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SC Flooding

Source: The Washington Post / Getty

Record rainfall in northern Fort Bend County and the watersheds of many rivers, creeks, and streams spelled trouble once again for Fort Bend County residents last month, many for the second time in less than a year. Many survivors of this year’s floods are still recovering from last year, whether financially or emotionally.

“We saw flooding from creeks and ditches this year that we didn’t even see last year,” states county Judge Robert Hebert, “for many residents, trusted ‘neighbors’ like Bessie’s Creek were suddenly in their yards or even in their homes.” Bessie’s Creek was not alone in the havoc wreaked on residents, as the Barker Reservoir hit record pool elevations and held there for weeks following the torrential rainfall. Barker’s tributaries, namely the Buffalo Bayou, backed up into neighborhoods south of Katy, submerging streets and homes and leaving Westheimer Parkway (pictured above) flooded to this day.

For all residents in the county that were affected by the recent flooding, significant outside help has arrived: The Federal Emergency Management Administration announced on Monday that individual assistance is now available to residents affected by the recent flooding. Almost sixty damage reports filed on the Fort Bend County Office of Emergency Management website, along with several rounds of physical damage assessment conducted by county, state, and federal staff, allowed the Office of Emergency Management to send a compiled damage estimate to the State of Texas to unlock this additional assistance. – Access to Disaster Help and ResourcesFort Bend County residents, regardless of if they have filed a damage report on the county’s website or not, should now visit and file a claim with FEMA.

Disaster assistance for homeowners and renters may include grants to help pay for rent, temporary housing and home repairs, as well as other serious disaster-related needs, such as medical and dental expenses or funeral and burial costs.

Low-interest disaster loans from the U.S. Small Business Administration (SBA) also are available. SBA helps businesses of all sizes, private non-profit organizations, homeowners and renters fund repairs or rebuilding efforts and cover the cost of replacing lost or disaster-damaged personal property. These disaster loans cover losses not fully compensated by insurance or other recoveries and do not duplicate benefits of other agencies or organizations.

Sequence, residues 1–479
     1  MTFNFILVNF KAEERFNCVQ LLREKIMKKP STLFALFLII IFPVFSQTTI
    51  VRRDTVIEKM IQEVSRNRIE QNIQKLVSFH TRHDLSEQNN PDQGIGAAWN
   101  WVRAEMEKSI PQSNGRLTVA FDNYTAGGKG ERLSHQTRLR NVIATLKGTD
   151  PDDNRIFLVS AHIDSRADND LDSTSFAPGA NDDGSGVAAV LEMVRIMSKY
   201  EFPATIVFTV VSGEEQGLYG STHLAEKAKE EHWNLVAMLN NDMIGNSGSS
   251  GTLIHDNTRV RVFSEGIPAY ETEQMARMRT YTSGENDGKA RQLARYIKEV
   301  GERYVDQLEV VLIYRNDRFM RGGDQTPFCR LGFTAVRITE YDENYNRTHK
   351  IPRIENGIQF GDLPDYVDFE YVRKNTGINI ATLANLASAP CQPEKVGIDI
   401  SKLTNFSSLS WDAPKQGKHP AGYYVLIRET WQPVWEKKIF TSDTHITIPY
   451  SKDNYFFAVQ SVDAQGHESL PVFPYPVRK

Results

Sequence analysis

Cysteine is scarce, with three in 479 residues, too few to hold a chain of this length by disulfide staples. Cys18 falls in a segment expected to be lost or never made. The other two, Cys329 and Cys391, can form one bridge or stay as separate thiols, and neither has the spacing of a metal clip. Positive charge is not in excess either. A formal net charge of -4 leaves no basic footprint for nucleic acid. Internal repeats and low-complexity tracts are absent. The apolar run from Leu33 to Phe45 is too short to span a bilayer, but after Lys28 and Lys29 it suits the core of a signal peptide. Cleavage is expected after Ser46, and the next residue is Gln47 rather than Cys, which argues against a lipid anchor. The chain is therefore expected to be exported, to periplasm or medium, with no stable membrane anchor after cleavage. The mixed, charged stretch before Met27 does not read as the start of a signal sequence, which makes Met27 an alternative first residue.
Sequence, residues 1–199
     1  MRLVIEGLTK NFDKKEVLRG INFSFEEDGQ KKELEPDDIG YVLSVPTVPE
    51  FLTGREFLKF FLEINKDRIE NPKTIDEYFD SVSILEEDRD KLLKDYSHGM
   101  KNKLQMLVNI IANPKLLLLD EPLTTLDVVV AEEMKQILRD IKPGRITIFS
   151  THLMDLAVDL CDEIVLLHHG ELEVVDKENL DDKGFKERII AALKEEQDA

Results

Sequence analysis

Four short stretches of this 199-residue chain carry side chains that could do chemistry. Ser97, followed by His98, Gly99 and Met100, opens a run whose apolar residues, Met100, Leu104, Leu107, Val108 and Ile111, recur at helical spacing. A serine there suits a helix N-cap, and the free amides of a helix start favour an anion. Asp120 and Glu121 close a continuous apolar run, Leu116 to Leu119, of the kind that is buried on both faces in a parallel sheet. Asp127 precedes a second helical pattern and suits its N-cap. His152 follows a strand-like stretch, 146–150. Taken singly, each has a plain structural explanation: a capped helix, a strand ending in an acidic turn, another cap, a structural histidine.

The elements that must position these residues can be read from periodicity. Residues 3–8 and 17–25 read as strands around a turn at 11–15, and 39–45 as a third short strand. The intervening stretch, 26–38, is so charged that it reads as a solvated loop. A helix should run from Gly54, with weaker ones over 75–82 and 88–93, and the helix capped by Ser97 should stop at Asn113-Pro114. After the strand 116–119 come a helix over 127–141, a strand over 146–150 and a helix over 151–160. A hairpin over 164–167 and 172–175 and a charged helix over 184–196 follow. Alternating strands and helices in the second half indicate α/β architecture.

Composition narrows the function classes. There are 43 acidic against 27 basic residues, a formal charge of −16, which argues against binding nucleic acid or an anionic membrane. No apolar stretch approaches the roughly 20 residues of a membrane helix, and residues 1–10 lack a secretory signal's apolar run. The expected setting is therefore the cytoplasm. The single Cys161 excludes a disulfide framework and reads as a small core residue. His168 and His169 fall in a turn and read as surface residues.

Texans who had storm damage should register with FEMA even if they have insurance. FEMA cannot duplicate insurance payments, but under-insured applicants may receive help after their insurance claims have been settled.

Residents and business owners should apply right away with SBA as part of the overall federal disaster recovery process, and not wait for insurance claims to settle.

People can apply for FEMA assistance online at or via smartphone or web-enabled device at Applicants may also call 800-621-3362 or (TTY) 800-462-7585 from 6 a.m. to 9 p.m. (CT). Multilingual operators are available

FEMA inspectors begin making appointments and visiting damaged areas as soon as people register for FEMA assistance in a declared county; the 161 registrations already in Fort Bend County will likely hear from FEMA very soon.

“The critical work is ongoing: to plan, prepare for, respond to, and mitigate against disasters of all types, including flooding,” adds Jeff Braun, Emergency Management Coordinator for the county, “we have not stopped responding to this incident, and anticipate recovery taking some time. We are working alongside our residents at this time to ensure speedy and thorough recovery.” The Office of Emergency Management in Fort Bend County is staffed by a dozen dedicated employees who spend their time ensuring that the county is prepared for any emergency, and capable of responding at a moment’s notice.

There is still much work ahead for the Fort Bend County Office of Emergency Management; the Office is still working diligently to ensure that anyone who lives, works, or plays in Fort Bend County is made whole from the recent disaster and is as safe as possible from future disasters. Lessons learned about this incident, like all before it, are being institutionalized into plans and procedures to ensure that the next time the county responds it will be faster, more efficient, and more thorough than before.

Any residents with questions or concerns about the disaster assistance process can call the Office of Emergency Management at (281) 342-6185 or visit

Fort Bend County is located in the Texas Southeast, immediately South and West of Harris County and the city of Houston. It is the home of over 600,000 people and is one of the fastest growing counties in the United States. For more information about Fort Bend County, visit the county homepage at

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